by Alex Grecian
From the author of the nationally bestselling suspense novel The Yard and its sequel The Black Country, both novels of Scotland Yard’s Murder Squad, coves a short story of the Squad, a cautionary tale: Be careful what you wish for.
October 1889: Constable Colin Pringle is a man of few illusions, but there is something about the girl in the canal, her skin a delicate shade of blue, that bothers him more than he expected it would. Perhaps it’s because Dr. Kingsley’s forensic examination suggests that she was a just-married bride. Someone needs to find out just who she was and what happened to her, Pringle decides, and he sets out to do exactly that. But the answers will not be anything like what he expects. In fact, they will shake his view of the world to the core.
The Blue Girl is officially listed as #2.5 in Grecian’s Murder Squad series, but I decided to review it first because the story takes place before the opening novel in the series, The Yard. But, I suggest reading The Yard, which I will review tomorrow, before The Blue Girl. The Yard provides the detailed character development and established relationships that readers should know before jumping in to the short story. Also, Grecian should commend his cover artist because the covers for each book are amazing! This is my favorite; it is morbidly beautiful and it gives me chills each time I see it.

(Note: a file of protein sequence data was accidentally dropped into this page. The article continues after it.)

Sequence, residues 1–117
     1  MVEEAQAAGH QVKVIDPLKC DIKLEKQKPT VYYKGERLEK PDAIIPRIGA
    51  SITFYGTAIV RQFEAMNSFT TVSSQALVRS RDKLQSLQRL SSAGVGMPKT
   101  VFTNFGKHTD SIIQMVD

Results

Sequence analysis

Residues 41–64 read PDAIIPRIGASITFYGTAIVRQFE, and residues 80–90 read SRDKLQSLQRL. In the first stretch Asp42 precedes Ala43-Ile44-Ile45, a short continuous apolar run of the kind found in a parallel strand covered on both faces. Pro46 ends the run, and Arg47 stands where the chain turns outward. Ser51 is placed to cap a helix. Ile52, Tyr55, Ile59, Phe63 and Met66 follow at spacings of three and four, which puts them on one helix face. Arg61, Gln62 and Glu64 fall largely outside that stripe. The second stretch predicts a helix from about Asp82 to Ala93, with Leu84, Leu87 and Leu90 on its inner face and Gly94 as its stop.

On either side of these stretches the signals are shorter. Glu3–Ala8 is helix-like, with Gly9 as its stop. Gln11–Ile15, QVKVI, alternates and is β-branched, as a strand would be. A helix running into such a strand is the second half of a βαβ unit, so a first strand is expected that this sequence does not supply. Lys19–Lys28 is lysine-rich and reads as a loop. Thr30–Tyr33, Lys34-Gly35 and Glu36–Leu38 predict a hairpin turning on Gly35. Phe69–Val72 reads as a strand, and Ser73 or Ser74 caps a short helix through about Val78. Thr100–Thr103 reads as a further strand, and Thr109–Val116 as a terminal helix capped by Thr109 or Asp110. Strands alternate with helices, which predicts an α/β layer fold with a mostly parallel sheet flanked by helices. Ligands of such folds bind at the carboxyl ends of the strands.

On to the review! The Blue Girl is told as an entry in Constable Colin Pringle’s personal journal. It is written from his POV and follows his investigation for the killer of the blue bride. The story needed to be longer. Grecian did not have the space to tell the story and include his usual flare and descriptive language. The Blue Girl starts out in Grecian’s normal style as he shows us selflessness of destitute Londoners retrieving the girl’s body, but such descriptive language diminishes as the story progresses. I know that Colin Pringle is a vain, but good man from The Yard; he comes across as stuck up and almost whiny in this short story. I also didn’t feel like Pringle’s view of the world was rocked to the core upon discovering the truth behind the blue girl’s death. I could tell that he was disturbed by the outcome of the investigation but nothing more. The latter half of the story was missing the vibrant ‘showing’ language that makes Grecian’s novels so enjoyable. Hopefully his next short story will be longer.
Grecian’s secondary female characters are rather flat, both in The Yard and The Blue Girl. I expect this to change as he continues writing and building his experience. I’ll discuss Grecian’s writing style further in my review of The Yard.
Overall it is a good short story and I definitely did not expect the ending! I love Grecian’s characters and I really enjoy the time period of the Murder Squad novels. I recommend The Blue Girl as a fun read but I suggest you start with The Yard to get a better feel for the characters and Grecian’s writing style. Has anyone else read The Blue Girl?